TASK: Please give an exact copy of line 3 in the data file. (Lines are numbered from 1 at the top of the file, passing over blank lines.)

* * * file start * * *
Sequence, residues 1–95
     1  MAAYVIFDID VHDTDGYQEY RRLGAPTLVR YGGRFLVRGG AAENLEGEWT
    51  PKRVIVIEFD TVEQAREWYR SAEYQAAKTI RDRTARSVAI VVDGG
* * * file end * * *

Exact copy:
    51  PKRVIVIEFD TVEQAREWYR SAEYQAAKTI RDRTARSVAI VVDGG